Notes on a Nervous Planet, as its name suggests, is a notebook where Matt Haig has scribbled his thoughts on depression and anxiety. It is a running commentary – a monologue – on the usual suspects that have made us more nervous than we ever were: smartphones, social media, news, marketing that panders to our insecurities, lack of sleep, work. It contains the germ of his bestseller, The Midnight Library, and you can almost see the birth of Nora Seed. Sample this:
“To enjoy life, we might have to stop thinking about what we will never be able to read and watch and say and do, and start to think of how to enjoy the world within our boundaries. To focus on the fewer things we can do, rather than the millions of things we can’t. To not crave parallel lives.”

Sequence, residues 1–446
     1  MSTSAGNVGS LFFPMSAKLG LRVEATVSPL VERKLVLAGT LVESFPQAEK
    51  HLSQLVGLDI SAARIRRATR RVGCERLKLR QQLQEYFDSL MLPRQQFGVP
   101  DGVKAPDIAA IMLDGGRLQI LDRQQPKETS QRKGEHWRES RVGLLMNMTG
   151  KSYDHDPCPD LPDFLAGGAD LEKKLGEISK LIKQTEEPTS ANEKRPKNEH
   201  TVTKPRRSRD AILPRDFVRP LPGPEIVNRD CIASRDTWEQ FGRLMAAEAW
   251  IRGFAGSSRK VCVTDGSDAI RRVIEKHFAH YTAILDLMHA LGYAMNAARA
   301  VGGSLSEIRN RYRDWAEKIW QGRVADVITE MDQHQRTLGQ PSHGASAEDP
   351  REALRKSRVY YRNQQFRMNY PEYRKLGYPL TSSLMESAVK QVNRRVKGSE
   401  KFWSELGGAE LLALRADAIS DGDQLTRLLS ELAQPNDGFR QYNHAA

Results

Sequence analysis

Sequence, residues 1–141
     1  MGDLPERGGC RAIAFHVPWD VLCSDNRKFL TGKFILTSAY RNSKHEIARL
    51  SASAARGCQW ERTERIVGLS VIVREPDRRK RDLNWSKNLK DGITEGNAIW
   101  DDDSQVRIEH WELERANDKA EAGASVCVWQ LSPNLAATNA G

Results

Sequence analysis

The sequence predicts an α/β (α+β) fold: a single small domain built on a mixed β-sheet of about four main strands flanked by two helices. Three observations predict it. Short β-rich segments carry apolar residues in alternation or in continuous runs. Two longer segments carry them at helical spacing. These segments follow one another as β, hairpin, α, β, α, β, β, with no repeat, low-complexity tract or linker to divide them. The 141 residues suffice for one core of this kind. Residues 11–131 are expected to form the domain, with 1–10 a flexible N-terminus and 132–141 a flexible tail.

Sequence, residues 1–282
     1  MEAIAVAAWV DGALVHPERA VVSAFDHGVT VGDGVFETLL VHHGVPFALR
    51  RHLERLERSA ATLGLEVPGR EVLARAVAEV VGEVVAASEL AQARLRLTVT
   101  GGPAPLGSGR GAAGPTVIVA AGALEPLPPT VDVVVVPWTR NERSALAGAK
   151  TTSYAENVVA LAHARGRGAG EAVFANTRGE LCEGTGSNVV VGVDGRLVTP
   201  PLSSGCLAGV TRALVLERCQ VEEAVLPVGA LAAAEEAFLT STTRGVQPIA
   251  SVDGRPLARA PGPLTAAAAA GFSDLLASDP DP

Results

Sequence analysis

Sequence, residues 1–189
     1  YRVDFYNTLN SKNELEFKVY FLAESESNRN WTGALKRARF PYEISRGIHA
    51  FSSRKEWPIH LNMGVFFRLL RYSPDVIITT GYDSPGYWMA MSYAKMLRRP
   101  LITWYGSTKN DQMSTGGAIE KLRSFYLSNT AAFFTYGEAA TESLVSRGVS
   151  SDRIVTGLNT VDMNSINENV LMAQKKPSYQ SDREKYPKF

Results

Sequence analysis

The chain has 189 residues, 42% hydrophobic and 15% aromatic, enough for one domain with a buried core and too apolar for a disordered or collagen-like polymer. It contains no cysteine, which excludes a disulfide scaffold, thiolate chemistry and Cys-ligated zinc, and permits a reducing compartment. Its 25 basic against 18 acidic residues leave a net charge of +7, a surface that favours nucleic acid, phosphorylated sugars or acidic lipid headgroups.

It is informal, imperfect, and inward-facing; a lot of what Matt Haig writes is derived from his own experiences of fighting depression. His content isn’t ground-breaking or revolutionary in its scope but has the potential to act as a cushion to those who need it the most. Persistent, prescriptive, and at times practical, he manages to produce what could possibly be the world’s first ready-reckoner on anxiety and depression. My favorite part though is the chapter on the virtues of a good fiction book. Those who’ve read my last post, know why I don’t read fiction as often as I do non-fiction.
“Reading isn’t important because it helps you get a job. It’s important because it gives you room to exist beyond the reality you’re given.”
I guess it’s time 🙂